Several groups have reported inhibitors of α-syn assembly and toxicity, including N
-methylated peptides [28
] dopamine and L-dopa [29
], rifampicin [30
], curcumin [31
], and various other compounds [32
]. In most cases, the compounds have been shown to inhibit α-syn aggregation in vitro
, whereas inhibition of toxicity was not studied. A few studies have reported assembly inhibitors, including peptides and small molecules [35
] that protected cells against α-syn-induced toxicity, and encouraging results were reported with the green tea-derived polyphenol (–)epigallocatechin gallate [36
]. A difficult problem has been to rationally design or select effective inhibitors with desired druggable characteristics. In most cases, the mechanism of action of the inhibitors used has been poorly understood. The importance of understanding the mechanism of inhibition has recently been highlighted [37
] following a study suggesting that many inhibitors of fibrillogenesis may act nonspecifically, likely making them unsuitable for treating aberrant protein assembly-related diseases [38
Here, we used CLR01, a general inhibitor of amyloidogenic protein assembly with a well-defined mechanism of action, which was selected based on first principles. We demonstrate that CLR01 interferes with α-syn aggregation and mitigates its toxicity. Importantly, CLR01 was found to block the toxicity of both extracellular and intracellular α-syn at similar concentrations to those needed for inhibiting α-syn aggregation in vitro, supporting the hypothesis that CLR01 protected cells against α-syn toxicity by inhibiting α-syn aggregation. One novel aspect of this report is the generation of a ZF model of α-syn neurotoxicity. We used a T2A bicistronic construct leading to α-syn expression as a fusion protein with DsRed, which rapidly is cleaved, producing native α-syn and at the same time facilitating the monitoring of the expression of α-syn. After CLR01 treatment, α-syn concentrations in α-syn-ZF embryos were reduced, whereas DsRed levels did not change. These observations suggested that CLR01 led to improved clearance of α-syn rather than affecting its expression. Indeed, in living embryos we found that the UPS was inhibited in neurons expressing α-syn, and that this inhibition was prevented in ZF treated with CLR01.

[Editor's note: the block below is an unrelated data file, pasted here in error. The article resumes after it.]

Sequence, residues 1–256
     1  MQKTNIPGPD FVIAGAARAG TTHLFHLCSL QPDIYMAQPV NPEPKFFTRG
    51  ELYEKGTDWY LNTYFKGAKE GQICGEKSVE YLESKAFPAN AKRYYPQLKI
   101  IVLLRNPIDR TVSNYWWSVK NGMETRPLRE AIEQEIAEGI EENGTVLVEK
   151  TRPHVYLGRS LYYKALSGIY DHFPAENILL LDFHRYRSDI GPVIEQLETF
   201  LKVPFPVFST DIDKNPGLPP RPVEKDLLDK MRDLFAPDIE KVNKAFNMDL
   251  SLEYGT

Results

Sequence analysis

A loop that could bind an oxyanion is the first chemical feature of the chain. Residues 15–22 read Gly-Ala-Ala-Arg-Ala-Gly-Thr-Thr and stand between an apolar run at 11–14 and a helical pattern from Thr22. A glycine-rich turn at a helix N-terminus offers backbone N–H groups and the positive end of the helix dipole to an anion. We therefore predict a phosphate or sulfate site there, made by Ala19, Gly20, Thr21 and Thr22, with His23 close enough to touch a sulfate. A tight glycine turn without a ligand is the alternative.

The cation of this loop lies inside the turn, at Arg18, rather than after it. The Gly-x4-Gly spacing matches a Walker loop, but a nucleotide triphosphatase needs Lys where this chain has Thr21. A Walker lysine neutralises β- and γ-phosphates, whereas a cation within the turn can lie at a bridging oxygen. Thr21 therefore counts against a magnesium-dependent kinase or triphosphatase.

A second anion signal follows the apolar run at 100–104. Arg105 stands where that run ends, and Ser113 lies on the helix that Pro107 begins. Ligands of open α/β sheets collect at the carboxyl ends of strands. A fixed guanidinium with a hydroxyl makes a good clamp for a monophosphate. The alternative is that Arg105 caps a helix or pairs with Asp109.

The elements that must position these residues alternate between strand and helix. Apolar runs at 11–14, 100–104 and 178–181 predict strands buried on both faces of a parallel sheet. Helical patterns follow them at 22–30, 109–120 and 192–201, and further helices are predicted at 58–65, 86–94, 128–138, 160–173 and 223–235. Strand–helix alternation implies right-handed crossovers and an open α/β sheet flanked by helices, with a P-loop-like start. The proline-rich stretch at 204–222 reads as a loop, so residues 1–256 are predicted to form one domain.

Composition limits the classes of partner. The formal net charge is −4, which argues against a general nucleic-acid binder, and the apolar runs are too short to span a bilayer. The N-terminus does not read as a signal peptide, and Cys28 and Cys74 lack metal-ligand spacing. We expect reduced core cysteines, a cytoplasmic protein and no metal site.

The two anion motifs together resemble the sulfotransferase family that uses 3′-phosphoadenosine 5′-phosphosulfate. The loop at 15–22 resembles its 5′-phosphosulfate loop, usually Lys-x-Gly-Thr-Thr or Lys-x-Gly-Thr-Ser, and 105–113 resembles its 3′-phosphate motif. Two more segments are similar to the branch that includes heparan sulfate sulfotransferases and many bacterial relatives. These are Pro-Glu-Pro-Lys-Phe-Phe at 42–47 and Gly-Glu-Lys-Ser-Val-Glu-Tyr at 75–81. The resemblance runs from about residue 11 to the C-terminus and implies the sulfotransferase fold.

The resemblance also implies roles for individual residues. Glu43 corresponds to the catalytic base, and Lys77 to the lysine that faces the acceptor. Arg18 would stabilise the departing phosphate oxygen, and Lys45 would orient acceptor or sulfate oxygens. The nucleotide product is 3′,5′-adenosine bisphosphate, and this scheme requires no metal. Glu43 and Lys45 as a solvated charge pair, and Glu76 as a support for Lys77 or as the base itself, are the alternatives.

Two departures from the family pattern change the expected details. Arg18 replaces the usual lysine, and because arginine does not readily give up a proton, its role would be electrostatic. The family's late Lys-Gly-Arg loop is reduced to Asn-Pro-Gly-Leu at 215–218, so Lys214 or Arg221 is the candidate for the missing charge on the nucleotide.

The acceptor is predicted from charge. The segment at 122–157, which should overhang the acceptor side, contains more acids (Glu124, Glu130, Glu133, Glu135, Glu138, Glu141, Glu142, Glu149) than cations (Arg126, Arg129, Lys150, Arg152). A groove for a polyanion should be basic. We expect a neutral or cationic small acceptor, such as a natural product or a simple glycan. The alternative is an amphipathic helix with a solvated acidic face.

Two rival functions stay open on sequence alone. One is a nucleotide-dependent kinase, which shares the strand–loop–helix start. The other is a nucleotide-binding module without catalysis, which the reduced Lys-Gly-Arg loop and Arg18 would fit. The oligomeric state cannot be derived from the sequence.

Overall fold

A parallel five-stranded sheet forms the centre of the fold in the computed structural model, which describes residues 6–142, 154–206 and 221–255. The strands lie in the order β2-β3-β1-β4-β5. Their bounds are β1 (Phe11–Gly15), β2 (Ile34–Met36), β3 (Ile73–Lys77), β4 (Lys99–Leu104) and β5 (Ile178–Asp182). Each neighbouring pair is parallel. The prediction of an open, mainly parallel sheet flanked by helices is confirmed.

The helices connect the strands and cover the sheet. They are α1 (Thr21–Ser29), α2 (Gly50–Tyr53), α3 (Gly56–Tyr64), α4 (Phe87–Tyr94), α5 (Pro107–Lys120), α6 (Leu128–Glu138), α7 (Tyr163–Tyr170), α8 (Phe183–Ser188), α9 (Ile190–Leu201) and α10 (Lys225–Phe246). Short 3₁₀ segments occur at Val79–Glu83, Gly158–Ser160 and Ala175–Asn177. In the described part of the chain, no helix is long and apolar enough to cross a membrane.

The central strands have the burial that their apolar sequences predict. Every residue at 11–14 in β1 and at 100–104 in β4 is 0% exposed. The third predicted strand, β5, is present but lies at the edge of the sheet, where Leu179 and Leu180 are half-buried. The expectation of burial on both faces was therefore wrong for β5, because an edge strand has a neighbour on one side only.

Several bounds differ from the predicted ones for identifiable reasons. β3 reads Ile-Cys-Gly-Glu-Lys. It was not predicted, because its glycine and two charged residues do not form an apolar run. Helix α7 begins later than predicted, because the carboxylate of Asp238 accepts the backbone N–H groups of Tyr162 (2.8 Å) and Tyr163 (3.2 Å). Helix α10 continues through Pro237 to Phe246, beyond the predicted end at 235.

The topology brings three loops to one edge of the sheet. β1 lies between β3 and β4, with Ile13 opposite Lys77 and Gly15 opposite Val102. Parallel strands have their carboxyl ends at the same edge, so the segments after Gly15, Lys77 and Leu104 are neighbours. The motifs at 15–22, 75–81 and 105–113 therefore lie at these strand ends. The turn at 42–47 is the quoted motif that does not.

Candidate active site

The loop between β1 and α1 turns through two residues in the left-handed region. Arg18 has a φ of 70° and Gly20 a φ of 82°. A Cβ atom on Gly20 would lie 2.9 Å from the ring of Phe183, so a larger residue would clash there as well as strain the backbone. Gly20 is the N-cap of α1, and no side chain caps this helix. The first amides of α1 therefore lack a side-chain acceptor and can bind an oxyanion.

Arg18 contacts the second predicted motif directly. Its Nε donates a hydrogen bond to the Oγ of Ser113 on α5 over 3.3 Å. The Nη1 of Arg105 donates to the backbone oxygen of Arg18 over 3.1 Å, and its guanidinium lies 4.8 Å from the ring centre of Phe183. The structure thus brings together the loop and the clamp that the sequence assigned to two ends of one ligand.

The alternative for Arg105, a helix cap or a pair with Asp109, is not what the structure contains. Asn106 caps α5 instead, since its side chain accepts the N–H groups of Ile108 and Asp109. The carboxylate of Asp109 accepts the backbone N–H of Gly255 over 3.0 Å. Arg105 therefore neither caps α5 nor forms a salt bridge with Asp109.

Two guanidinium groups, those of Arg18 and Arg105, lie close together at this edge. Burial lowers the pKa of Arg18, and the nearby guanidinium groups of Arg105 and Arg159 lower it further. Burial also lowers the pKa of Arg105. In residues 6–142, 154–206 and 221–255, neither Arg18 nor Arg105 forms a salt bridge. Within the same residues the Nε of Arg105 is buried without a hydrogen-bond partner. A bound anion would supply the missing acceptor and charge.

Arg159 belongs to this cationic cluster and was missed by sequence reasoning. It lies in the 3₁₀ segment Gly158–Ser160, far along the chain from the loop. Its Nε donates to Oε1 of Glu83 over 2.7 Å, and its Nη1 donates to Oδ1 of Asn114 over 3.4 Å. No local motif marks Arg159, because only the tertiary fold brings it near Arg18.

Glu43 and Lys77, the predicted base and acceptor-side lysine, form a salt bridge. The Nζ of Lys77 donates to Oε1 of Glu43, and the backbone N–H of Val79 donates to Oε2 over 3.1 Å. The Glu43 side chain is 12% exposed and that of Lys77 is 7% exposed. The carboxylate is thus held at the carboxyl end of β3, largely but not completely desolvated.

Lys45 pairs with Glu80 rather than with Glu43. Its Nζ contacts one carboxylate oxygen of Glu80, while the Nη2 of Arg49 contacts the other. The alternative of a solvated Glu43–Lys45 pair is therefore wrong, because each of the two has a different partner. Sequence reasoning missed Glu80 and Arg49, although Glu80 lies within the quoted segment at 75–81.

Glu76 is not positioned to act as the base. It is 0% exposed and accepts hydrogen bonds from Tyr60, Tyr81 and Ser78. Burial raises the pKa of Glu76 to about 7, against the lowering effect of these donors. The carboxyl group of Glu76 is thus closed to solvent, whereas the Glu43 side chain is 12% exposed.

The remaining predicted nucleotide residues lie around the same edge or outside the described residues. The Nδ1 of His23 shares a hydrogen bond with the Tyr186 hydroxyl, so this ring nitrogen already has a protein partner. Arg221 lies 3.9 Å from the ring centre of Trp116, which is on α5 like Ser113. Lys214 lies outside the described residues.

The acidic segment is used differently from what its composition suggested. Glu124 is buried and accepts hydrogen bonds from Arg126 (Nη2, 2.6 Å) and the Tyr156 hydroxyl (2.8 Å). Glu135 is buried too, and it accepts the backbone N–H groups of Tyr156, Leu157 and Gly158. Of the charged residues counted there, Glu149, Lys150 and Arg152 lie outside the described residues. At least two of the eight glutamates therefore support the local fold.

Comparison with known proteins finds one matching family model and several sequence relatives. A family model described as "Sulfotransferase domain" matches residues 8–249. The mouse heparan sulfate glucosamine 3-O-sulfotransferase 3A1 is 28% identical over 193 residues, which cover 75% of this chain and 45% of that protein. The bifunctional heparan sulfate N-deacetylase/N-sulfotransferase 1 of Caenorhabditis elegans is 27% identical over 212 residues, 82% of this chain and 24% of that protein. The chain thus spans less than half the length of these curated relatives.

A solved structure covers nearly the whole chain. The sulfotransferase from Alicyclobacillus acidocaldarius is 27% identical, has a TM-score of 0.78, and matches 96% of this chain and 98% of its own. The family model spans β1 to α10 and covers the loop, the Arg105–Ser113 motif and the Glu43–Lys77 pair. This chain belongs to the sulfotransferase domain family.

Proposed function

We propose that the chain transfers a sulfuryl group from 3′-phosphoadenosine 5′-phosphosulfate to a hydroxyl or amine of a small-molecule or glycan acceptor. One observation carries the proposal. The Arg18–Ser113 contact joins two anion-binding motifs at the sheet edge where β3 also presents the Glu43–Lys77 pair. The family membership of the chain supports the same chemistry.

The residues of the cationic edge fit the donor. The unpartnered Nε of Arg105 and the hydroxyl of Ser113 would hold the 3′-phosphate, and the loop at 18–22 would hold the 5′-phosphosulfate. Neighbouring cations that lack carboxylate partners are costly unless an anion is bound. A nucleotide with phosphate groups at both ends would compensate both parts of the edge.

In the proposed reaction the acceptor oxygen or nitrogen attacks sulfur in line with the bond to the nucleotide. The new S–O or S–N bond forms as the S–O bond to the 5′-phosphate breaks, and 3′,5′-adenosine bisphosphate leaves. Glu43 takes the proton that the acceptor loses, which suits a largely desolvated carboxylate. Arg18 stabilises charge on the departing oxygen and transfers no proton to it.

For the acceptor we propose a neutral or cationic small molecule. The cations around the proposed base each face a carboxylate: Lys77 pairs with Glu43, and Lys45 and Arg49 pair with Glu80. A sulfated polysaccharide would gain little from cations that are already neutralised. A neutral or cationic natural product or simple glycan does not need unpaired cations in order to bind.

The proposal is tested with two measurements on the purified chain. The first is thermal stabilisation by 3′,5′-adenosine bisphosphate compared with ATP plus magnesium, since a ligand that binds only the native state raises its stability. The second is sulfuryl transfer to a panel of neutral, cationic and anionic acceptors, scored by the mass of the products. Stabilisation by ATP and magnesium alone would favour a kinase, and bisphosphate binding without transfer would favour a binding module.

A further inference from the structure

The neurotoxicity of α-syn is well established, but the mechanism of this toxicity and the pathogenic species that confer toxicity are less clear. Proposed mechanisms include impaired protein degradation (both UPS and autophagy), toxicity to synaptic terminals, inflammation, and induction of mitochondrial dysfunction [39
]. Although α-syn fibrils have been found in both humans and animal models of synucleinopathies, several lines of evidence suggest that nonfibrillar soluble oligomers of α-syn are the most toxic species [40
Inhibition of the UPS system has been reported not only for α-syn oligomers [42
], but also with toxic assemblies of other amyloidogenic proteins, including Aβ [44
] and islet amyloid polypeptide [45
]. A recent report demonstrated that overexpression of polyglutamine results in transient UPS inhibition in mice, but the activity returned when large inclusions formed [47